• Writing Papers in Psychology: Proposals, Research Papers, Literature Reviews, Poster Presentations and Concise Reports

      Rosnow, Ralph L.; Rosnow, Mimi, 1938- (2012)
      This ninth edition of Writing Papers in Psychology provides frameworks, tips, guidelines, and sample illustrations for college students who are writing research reports or literature reviews that are expected to conform to style recommendations of the American Psychological Association. It also is designed to cultivate organizing, literature retrieval, critical reasoning, and communication skills under deadlines. For more than a decade, this brief, inexpensive, and easy-to-use manual has helped thousands of students in psychology and related fields with the task of writing term papers and reports.
    • “Yeah, I Wrote That!”: Incorporating Critical Information Literacy to Build Community Inside and Outside of Wikipedia

      De Voe, Kristina; Shaw, Adrienne; De Voe|0000-0003-1590-3379; Shaw|0000-0001-5526-1839 (2021)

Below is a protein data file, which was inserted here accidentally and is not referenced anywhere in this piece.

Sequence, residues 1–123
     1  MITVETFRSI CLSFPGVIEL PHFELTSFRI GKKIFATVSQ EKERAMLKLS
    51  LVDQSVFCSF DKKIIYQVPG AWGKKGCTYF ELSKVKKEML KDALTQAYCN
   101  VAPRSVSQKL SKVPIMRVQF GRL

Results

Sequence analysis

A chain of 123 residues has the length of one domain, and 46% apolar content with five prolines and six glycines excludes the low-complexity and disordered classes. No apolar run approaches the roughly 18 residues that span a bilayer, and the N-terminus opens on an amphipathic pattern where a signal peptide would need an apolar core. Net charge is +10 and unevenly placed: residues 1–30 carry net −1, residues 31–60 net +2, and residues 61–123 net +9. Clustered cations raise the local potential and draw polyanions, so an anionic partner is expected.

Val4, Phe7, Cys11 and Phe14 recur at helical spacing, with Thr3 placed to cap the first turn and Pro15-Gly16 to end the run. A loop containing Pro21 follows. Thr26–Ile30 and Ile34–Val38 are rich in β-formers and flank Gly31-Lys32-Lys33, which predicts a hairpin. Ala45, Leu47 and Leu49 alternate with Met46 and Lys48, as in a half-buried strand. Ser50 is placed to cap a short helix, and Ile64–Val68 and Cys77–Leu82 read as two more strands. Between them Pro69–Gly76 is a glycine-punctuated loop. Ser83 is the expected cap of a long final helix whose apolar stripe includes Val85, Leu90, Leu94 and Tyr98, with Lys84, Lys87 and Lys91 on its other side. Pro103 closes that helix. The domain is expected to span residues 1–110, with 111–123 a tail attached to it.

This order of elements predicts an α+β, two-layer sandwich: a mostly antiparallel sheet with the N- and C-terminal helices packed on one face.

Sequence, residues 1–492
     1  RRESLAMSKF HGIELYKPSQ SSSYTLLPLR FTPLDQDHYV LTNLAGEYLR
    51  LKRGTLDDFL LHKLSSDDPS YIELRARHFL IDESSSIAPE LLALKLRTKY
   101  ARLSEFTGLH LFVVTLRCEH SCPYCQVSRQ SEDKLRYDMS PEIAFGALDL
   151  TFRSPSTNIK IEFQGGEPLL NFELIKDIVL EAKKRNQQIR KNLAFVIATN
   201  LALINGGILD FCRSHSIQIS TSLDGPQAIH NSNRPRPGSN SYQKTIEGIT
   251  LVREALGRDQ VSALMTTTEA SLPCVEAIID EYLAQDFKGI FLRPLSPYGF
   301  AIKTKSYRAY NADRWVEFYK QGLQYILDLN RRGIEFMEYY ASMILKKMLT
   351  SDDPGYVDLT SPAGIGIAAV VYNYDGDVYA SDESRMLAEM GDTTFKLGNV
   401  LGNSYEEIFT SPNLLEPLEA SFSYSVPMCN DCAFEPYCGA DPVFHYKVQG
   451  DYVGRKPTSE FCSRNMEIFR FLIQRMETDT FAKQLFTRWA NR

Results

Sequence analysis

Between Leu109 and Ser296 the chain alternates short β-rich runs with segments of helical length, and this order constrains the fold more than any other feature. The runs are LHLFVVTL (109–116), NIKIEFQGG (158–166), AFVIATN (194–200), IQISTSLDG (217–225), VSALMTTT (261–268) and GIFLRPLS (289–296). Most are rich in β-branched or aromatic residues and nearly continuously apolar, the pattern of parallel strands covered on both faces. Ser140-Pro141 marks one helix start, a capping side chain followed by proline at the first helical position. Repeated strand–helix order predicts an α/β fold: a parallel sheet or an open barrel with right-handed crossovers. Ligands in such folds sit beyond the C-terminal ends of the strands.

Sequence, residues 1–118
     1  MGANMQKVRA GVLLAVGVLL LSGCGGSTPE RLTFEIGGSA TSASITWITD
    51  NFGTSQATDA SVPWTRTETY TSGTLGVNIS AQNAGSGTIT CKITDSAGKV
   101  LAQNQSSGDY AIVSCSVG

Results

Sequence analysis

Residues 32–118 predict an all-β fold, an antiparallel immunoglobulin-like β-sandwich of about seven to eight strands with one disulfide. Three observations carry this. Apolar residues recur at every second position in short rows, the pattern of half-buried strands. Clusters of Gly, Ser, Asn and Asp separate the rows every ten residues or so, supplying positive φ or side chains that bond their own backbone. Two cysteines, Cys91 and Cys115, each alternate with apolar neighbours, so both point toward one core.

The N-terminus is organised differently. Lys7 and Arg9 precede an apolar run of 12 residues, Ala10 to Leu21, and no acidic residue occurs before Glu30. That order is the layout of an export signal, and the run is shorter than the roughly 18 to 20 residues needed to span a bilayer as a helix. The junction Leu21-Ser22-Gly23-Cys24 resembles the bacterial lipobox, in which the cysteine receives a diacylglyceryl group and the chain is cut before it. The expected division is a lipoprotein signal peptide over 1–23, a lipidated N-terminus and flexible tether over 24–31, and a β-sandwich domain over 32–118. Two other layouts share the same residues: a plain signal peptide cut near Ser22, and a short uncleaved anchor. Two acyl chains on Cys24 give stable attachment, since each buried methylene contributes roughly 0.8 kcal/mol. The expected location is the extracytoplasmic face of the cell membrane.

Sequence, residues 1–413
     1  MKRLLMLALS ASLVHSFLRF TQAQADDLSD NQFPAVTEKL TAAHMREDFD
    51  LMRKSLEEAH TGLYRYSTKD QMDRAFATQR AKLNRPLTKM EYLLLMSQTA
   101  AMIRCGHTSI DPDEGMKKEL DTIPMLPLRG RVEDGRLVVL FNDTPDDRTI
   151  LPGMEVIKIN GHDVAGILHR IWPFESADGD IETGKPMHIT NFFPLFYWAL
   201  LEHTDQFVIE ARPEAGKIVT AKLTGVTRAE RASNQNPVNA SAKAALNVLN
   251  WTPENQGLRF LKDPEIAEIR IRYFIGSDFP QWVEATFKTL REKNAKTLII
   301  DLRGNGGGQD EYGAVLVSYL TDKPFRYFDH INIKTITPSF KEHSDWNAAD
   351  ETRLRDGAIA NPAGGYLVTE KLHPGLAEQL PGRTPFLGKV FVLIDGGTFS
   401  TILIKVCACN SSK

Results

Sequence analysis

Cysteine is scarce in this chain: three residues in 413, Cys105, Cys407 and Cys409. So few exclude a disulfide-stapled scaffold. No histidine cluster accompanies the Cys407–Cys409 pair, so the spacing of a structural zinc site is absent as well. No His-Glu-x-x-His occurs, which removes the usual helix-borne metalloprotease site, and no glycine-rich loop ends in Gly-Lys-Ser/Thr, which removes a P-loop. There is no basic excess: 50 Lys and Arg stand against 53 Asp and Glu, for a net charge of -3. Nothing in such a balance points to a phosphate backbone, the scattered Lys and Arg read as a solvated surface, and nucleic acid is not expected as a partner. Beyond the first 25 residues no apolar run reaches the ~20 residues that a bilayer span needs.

In this chapter, we examine the relationship between open pedagogical practices and critical information literacy and how they intersect when Wikipedia is introduced in the classroom. Specifically, we discuss the collaboration between a librarian and a course instructor on iterations of Wikipedia assignments across three years and two classes. We unpack the importance of existing infrastructures, such as edit-a-thons and the WikiEdu dashboard, to support bringing Wikipedia assignments into the classroom. We also explore how we worked to connect course content to the renewable assignments and brought larger discussions of representation and community on Wikipedia into the classroom and assignments. Finally, we outline the lessons we learned through this collaboration. In sum, scaffolded projects allowed students to practice their contributions to Wikipedia in a supportive space and fostered critical engagement with course content. In their end-of-semester reflections, students stated that contributing to Wikipedia felt more meaningful and elicited feelings of pride that traditional, disposable assessments did not. They saw themselves as knowledge creators and scholarship creation as part of an ongoing conversation rather than an “end product.” By engaging in peer-review assignments, participating in edit-a-thons, and discussing the assignments with librarians who were not their professors, students also saw their work as part of a broader academic conversation. Through Wikipedia assignments, students can appreciate their own information privilege in terms of access to costly resources and become proactive in sharing that knowledge and their own growing expertise with a wider public.